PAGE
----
From our summer, 2014 Quick Question, What is your policy for managing overfilled coagulation specimen tubes?
a. We reject overfilled tubes; results are likely to be invalid. 116 votes, 69%
b. We accept overfilled tubes; overfilling doesn’t affect results. 28 votes, 17%
c. We never see overfilled tubes. 24 votes, 14%
CLSI Guideline H21-A5 specifies that coagulation tubes must be filled to at least 90% capacity or to the tube manufacturer’s lower limit to avoid relative anticoagulant excess, given the blood to anticoagulant ratio should be 9:1. H21-A5 also requires that specimens whose hematocrit exceeds 55% be collected in an adjusted anticoagulant volume, again to avoid an excess anticoagulant to plasma ratio. However, the guideline makes no reference to overfilling. It also states there are no data that support the need to raise anticoagulant volume for specimens whose hematocrit is less than 20%. By inference, it appears there is little harm in overfilling a tube, thus decreasing the anticoagulant to blood ratio.
However, the 116 respondents who reject overfilled tubes may be using overfilling as a surrogate for poor specimen management. It may be, for instance, that a syringe was overfilled and the excess whole blood forced into the evacuated tube, implying the possibility of hemolysis if transferred too forcefully, or clotting if the transfer were delayed. Another, somewhat less likely possibility is that the specimen was collected piecemeal and small volumes were added together. In either event, specimen integrity could be called into question.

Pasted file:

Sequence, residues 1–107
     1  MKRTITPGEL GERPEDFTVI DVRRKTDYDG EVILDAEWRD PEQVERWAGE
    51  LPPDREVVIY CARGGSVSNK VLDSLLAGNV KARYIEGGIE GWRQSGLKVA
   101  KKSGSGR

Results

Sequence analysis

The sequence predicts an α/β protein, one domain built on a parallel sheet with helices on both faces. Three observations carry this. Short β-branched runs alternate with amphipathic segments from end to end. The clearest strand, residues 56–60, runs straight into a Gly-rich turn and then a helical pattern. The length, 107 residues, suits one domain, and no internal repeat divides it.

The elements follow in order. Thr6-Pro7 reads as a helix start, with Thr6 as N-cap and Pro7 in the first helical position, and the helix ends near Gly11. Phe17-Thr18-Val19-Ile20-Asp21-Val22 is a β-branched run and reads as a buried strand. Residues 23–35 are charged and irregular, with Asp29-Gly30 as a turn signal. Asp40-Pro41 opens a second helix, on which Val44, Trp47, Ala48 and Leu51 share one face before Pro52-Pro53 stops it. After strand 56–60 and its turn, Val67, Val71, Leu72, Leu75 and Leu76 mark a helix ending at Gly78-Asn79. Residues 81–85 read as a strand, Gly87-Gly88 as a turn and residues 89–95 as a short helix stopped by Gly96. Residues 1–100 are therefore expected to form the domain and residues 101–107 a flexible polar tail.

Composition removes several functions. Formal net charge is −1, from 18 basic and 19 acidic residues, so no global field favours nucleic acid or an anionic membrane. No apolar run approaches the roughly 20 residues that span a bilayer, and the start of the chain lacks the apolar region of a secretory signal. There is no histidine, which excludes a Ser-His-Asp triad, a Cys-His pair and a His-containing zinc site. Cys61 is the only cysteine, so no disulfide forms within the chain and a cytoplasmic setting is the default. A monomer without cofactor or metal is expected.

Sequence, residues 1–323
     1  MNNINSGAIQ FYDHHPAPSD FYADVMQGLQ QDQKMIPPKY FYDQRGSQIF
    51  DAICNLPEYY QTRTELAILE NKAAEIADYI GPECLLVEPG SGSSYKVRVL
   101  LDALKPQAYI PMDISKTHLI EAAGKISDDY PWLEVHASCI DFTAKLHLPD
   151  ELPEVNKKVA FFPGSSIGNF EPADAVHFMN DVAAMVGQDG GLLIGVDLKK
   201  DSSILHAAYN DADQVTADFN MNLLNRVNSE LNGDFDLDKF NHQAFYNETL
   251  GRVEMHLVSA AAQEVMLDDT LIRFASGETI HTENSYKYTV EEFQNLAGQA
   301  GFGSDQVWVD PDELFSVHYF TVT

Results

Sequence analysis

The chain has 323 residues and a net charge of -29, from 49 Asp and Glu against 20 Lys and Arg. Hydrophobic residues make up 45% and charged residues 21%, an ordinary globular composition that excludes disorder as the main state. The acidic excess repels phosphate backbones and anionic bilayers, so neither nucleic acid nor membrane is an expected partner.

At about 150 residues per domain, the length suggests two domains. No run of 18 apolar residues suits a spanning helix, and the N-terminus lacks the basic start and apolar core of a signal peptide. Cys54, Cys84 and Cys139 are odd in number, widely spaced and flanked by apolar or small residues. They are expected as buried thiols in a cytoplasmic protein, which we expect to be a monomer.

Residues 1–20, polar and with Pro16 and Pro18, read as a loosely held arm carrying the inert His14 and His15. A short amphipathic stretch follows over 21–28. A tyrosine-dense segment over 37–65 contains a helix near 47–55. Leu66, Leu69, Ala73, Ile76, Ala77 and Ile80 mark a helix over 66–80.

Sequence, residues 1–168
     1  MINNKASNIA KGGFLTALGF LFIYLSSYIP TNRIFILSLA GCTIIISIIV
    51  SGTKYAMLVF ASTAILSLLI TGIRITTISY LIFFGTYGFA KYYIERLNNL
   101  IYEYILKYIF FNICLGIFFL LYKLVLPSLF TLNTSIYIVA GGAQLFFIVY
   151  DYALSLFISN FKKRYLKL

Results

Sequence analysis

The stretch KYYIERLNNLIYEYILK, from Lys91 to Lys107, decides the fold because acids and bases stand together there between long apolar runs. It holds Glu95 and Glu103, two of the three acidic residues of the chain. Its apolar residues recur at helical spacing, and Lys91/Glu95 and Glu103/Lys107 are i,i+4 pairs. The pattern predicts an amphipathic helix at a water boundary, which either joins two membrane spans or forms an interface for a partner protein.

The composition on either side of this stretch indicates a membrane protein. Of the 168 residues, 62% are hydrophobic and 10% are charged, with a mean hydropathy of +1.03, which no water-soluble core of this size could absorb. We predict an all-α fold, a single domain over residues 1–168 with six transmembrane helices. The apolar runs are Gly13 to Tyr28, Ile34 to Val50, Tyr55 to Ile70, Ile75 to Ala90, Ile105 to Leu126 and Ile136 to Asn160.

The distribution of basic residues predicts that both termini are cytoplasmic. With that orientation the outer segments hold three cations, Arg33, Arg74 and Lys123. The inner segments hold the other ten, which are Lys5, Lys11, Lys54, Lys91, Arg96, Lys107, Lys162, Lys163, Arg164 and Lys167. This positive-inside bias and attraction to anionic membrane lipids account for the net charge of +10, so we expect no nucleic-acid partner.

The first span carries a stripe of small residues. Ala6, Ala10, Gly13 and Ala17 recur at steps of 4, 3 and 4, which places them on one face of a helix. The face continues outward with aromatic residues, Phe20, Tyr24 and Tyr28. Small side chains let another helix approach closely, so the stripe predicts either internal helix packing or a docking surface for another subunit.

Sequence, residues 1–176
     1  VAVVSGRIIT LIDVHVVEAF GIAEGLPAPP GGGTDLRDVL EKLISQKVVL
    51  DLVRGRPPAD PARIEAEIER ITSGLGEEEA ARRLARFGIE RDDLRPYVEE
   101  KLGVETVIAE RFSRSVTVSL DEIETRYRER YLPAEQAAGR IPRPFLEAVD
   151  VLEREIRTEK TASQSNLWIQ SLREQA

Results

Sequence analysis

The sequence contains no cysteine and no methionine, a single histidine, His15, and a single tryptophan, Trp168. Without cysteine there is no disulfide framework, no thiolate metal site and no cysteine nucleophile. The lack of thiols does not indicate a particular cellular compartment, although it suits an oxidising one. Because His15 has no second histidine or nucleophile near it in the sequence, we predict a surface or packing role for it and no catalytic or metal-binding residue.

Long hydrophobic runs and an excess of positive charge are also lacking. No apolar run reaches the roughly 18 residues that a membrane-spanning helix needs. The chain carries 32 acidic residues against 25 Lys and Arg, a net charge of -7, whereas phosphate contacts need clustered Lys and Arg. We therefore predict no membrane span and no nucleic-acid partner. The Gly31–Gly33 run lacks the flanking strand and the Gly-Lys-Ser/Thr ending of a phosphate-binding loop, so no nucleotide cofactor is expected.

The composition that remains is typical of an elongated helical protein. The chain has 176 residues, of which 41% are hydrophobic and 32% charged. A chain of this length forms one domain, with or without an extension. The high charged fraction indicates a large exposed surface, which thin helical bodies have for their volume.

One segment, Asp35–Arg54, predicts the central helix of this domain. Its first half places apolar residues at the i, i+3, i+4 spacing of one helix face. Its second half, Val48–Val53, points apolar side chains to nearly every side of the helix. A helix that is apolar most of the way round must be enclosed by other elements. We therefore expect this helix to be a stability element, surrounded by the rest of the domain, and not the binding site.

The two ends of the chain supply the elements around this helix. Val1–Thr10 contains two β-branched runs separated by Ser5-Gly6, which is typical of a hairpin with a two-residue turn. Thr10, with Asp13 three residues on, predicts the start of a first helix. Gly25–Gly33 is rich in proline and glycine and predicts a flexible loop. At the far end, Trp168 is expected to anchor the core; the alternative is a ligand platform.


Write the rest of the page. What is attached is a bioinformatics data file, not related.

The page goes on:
Conversely, it may be that a number of rejected specimens could have been used without compromising the results, particularly if the operator carefully inspected for clots, thus cutting down on recollects. I will be interested to learn about your experience.
My view is that overfilled tubes indicate unorthodox filling
My view is that overfilled tubes indicate unorthodox filling, and should be investigated. Tubes don’t overfill when used according to the manufacturer’s recommendations.
If the tube was overfilled because the user combined the contents of two underfilled tubes, the blood:additive ratio is going to be profoundly affected, as would the test results, one would think.
If the tube was overfilled because the stopper was popped off and the sample squirted in with a syringe, that constitutes a potential biohazardous exposure. While this practice may not affect test results, there’s more to consider than accurate results.
If accepted, there’s no way to know why it was overfilled. When testing overfilled tubes, how does one know if it’s accurate or not without drawing and testing another properly filled tube?
As you can see, accepting overfilled tubes is fraught with potential, none of it good.